Yet the prosecution quickly discredited what Dell had presented by pointing out the flaws in his evaluation: Dell had not witnessed Bonney taking many of the written tests used to form his diagnosis; he had formed an a priori opinion of Bonneys mental state prior to meeting him, admitting his bias; there were many significant discrepancies and inconsistencies in Dells report for the court; he clearly had been leading his subject with suggestion; and, finally, the use of hypnosis held no credibility in supporting Dells diagnosis. Outside a trance, no alters were observed. The prosecution also pointed out that Dell had often discussed the case and his theories with the press, which suggested an ulterior motive to his involvement. In addition, Dr. Phil Coons, a prominent psychiatrist who had been instrumental in writing the diagnosis of MPD for the APAs manual of mental disorders and an expert on it, further discredited Dells methods and diagnosis.

Dell defended himself by saying that because he was pressed for time, he had been forced to move more quickly than he would if he were assessing a patient in therapy. Yet his arguments were to no avail. By volunteering his services, Schwartz writes, he may have unknowingly created a situation where Tom Bonney was destined to be sentenced to death. In other words, his eagerness had presented a biashe was looking for the symptoms rather than diagnosing themand he had made some key mistakes.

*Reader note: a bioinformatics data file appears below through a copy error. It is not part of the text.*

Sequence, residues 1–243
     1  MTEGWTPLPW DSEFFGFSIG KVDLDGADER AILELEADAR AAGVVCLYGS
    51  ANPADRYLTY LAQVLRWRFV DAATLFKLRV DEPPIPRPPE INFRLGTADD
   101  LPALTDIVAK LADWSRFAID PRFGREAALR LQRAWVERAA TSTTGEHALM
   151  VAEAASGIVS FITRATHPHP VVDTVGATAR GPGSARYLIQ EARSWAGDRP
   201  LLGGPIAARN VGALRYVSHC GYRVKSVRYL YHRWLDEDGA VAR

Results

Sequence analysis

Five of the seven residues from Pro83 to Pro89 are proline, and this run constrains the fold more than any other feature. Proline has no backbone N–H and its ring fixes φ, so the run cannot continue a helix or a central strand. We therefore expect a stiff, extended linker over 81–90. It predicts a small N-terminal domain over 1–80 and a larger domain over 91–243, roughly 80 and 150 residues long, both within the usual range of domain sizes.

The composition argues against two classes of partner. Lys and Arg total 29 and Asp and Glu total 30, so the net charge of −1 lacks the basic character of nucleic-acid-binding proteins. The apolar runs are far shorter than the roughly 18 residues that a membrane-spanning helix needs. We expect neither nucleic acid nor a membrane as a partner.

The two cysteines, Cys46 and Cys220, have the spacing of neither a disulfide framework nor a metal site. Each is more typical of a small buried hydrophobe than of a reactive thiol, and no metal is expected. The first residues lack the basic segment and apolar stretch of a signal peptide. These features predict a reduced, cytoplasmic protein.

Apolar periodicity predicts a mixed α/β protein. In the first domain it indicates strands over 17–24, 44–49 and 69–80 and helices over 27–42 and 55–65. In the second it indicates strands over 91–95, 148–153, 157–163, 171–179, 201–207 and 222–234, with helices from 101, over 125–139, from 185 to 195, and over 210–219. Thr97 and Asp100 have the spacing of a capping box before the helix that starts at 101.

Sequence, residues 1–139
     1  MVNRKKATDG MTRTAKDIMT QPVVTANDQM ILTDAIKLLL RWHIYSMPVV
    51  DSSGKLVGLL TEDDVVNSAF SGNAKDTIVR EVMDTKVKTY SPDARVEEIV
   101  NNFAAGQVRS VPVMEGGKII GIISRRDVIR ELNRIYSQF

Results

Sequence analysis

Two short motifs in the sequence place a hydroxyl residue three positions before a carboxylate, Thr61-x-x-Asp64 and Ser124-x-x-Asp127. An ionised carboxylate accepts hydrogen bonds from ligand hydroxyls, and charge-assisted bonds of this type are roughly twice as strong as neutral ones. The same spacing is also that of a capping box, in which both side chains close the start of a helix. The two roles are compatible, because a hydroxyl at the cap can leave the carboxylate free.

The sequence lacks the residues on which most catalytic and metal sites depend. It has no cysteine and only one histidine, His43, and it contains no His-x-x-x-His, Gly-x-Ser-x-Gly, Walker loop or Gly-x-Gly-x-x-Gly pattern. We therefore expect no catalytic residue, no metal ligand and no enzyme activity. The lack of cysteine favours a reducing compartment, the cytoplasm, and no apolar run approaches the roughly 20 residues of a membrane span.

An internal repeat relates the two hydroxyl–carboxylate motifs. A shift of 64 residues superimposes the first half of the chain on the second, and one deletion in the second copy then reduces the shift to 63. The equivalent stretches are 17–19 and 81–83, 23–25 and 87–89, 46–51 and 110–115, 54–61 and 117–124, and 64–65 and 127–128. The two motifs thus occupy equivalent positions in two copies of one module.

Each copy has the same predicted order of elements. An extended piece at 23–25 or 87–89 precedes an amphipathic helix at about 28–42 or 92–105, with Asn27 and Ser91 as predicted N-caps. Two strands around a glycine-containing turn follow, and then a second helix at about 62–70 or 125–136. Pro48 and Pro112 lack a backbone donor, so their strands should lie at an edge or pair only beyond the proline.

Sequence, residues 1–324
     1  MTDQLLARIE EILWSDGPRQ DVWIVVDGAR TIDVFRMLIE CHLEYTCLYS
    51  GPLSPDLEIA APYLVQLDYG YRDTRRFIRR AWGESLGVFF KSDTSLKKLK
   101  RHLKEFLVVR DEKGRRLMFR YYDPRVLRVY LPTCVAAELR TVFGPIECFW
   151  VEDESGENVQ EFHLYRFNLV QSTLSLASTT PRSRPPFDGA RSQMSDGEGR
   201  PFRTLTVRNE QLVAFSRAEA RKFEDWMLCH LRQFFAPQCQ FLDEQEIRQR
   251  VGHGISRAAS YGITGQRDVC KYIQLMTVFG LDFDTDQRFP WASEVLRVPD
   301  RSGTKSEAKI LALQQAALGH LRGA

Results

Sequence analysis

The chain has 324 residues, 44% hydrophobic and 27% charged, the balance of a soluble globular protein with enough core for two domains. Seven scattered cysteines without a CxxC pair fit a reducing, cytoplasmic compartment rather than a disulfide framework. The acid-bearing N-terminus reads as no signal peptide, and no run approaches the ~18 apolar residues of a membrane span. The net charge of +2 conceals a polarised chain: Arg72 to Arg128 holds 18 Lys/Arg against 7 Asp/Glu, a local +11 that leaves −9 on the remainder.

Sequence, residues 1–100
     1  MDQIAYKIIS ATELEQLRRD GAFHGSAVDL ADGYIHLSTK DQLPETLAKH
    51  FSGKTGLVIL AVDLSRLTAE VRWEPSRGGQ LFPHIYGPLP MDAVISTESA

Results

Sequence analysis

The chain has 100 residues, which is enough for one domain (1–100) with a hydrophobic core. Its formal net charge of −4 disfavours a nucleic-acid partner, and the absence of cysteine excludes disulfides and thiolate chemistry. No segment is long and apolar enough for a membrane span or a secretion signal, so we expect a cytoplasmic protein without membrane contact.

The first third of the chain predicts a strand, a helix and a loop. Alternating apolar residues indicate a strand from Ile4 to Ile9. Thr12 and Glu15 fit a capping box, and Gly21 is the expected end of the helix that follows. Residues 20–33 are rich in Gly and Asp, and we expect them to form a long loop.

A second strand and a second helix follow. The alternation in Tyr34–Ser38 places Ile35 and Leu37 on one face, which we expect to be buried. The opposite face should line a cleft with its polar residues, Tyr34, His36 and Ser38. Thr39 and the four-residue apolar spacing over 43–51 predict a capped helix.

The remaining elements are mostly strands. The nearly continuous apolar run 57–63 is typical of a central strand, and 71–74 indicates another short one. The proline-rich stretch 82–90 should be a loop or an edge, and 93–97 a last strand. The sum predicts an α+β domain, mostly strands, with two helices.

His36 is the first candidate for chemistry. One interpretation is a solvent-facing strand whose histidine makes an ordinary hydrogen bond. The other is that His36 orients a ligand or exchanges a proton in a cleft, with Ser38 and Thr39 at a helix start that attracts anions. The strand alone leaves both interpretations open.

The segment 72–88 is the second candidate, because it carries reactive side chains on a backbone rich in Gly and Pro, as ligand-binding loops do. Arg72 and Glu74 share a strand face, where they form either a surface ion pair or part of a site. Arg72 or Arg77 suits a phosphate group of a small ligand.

In any event, the jury didn't buy it. They found Tom Bonney guilty of first-degree murder and sentenced him to death, but this sentence was overturned in 1992 due to evidence from another psychiatrist that Bonney had been incompetent to even stand trial. Today the case remains in limbo, and Bonney has stated he never told anyone he had more than one personality.

Kathy's friends believe Bonney argued with his daughter over a sexually-explicit letter from a boyfriend, and then shot her in a jealous rage and dumped her body in the canal.

MPD/DID remains a controversial issue in court, but it has entered the legal arena in another way as well, in what most ridicule as a simple-minded and even outrageous judgment.